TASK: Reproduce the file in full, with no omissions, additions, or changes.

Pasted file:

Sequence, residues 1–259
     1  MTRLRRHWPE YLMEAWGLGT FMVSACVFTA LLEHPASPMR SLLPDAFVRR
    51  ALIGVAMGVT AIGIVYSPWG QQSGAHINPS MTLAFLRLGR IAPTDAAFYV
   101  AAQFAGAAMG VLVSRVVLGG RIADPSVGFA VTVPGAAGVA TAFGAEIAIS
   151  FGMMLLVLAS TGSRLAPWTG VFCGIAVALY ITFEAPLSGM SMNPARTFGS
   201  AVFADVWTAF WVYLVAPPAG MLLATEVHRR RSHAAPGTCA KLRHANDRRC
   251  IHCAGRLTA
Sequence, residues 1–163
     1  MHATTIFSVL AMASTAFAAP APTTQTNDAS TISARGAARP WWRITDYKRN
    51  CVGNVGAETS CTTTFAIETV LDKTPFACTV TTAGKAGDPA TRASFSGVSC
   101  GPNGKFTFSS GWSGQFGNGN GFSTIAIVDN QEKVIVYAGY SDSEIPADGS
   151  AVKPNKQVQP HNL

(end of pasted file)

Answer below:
Sequence, residues 1–259
     1  MTRLRRHWPE YLMEAWGLGT FMVSACVFTA LLEHPASPMR SLLPDAFVRR
    51  ALIGVAMGVT AIGIVYSPWG QQSGAHINPS MTLAFLRLGR IAPTDAAFYV
   101  AAQFAGAAMG VLVSRVVLGG RIADPSVGFA VTVPGAAGVA TAFGAEIAIS
   151  FGMMLLVLAS TGSRLAPWTG VFCGIAVALY ITFEAPLSGM SMNPARTFGS
   201  AVFADVWTAF WVYLVAPPAG MLLATEVHRR RSHAAPGTCA KLRHANDRRC
   251  IHCAGRLTA
Sequence, residues 1–163
     1  MHATTIFSVL AMASTAFAAP APTTQTNDAS TISARGAARP WWRITDYKRN
    51  CVGNVGAETS CTTTFAIETV LDKTPFACTV TTAGKAGDPA TRASFSGVSC
   101  GPNGKFTFSS GWSGQFGNGN GFSTIAIVDN QEKVIVYAGY SDSEIPADGS
   151  AVKPNKQVQP HNL